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|The cloister garth at the centre with its ambulatories (surrounding
covered alleys) occupy the angle between the nave and the south transept of the church. They were the preserve
of the canons, devoted to quiet study and prayer between periods of worship and work. Totally enclosed by the church
and the three claustral ranges, the cloister would have been a genuinely tranquil place.
The life of the priory was organized around the Office, a daily liturgical cycle also known as the Hours. The timetable of the Office varied with the varying length of the day throughout the year.
The day began at two o'clock with assembly in church for Vigils (or Nocturns) followed by Matins (shortened following the introduction of daily Eucharistic Mass). At dawn they reassembled for Lauds followed immediately, or at six o'clock if dawn was much earlier, by Prime (dropped after daily mass was introduced). Terce was at about nine o'clock. Noon Sext was followed by Eucharistic Mass and None (or Nones). At about half past four in the afternoon they came together again for Vespers. The Office concluded at about six o'clock with Compline after which they retired for the night. Most orders spent around four hours daily at worship but the Austin Rule allowed a less protracted daily Office.
The day included only one substantial meal, either before or after Vespers. The remainder of the day was divided between administrative duties, physical work (the only time most orders permitted monks to leave the cloister), study and prayer. The small numbers at Kells must have led to the canons spending more time than was usual on administrative and parochial duties. In the second half of the fifteenth century they also became so deeply embroiled in priory and diocesan politics that even worship suffered.
Cloister arcade and ambulatories (26)
The cloister garth is square with broad ambulatories around its four sides. Only the base of the walls separating garth and ambulatories survives today, with buttresses at the centre of each wall and in the four corners. The garth served as a vegetable or herb garden in some monasteries and as a cemetery in others and was probably not simply grassed over as in Figure 4.
A row of stone corbels preserved high on the walls of church and ranges where they rise to their original height supported a penthouse roof covering the ambulatories. A thin flagstone course above them marks the roof-line. The lower of two rows of square holes below the corbels was probably for roof-supporting beams. Both the west and north ambulatories have built-in stone benches along the length of their inside walls, where the canons could sit and study. Two niches for tombs are recessed into the church wall at the northeast corner of the cloister (42).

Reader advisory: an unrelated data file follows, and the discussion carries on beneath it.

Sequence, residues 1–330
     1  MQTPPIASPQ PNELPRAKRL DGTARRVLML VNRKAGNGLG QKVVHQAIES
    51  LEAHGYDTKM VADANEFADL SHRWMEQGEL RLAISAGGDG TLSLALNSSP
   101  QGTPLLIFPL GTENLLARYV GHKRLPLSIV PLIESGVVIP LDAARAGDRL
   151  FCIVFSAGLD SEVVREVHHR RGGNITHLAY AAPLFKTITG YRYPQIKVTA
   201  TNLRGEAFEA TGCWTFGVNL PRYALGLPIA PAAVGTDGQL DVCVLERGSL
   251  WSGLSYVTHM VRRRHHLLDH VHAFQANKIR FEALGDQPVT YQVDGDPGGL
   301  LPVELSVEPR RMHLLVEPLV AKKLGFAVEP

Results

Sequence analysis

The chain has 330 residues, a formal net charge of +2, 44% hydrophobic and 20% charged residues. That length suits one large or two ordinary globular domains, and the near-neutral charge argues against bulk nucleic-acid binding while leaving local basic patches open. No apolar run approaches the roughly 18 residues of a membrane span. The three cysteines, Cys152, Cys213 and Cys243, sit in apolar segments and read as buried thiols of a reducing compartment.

Recent excavations recovered many fragments of the arcade which separated the ambulatories from the cloister garth. Unlike most Irish cloister arcades it does not have 'dumb-bell' colonettes (two colonettes in one piece, joined by a narrow neck, like those in nearby Jerpoint). 'Dumb-bell' colonettes became the norm after 1390 so the arcade at Kells dates from earlier in the fourteenth century. Kells arcade had slender twin colonettes which supported trefoil (three-lobed) arches. The colonette bases and capitals were carved from limestone and had foliage and dogtooth ornament (rows of small pyramids of four petals). The arches were decorated with bowtell moulding, slender nearly cylindrical ribs around the edges.
Excavation in the ambulatories during 1972 identified a variable original surface, made up of hard lime-mortar in some places and of pebble cobbling in others.
The claustral ranges are a little better preserved than those around
the outer court, only the west range being reduced to its foundations. Each had two floors and both the east and
south ranges still rise to their full height in places, giving a good idea of their original appearance.
The East Range
The east range extends from the south transept of the church to the
reredorter. The ground floor was divided into a series of chambers whereas the dorter (dormitory) occupied the
whole 23m length of the upper floor.
Day-stairs and a warming room
The narrow chamber immediately south of the chapter house is most
likely the site of the day-stairs (29) which provided access to the dorter above. Besides this, it serves as a vestibule
for the room to the south.
(c) Daniel Tietzsch-Tyler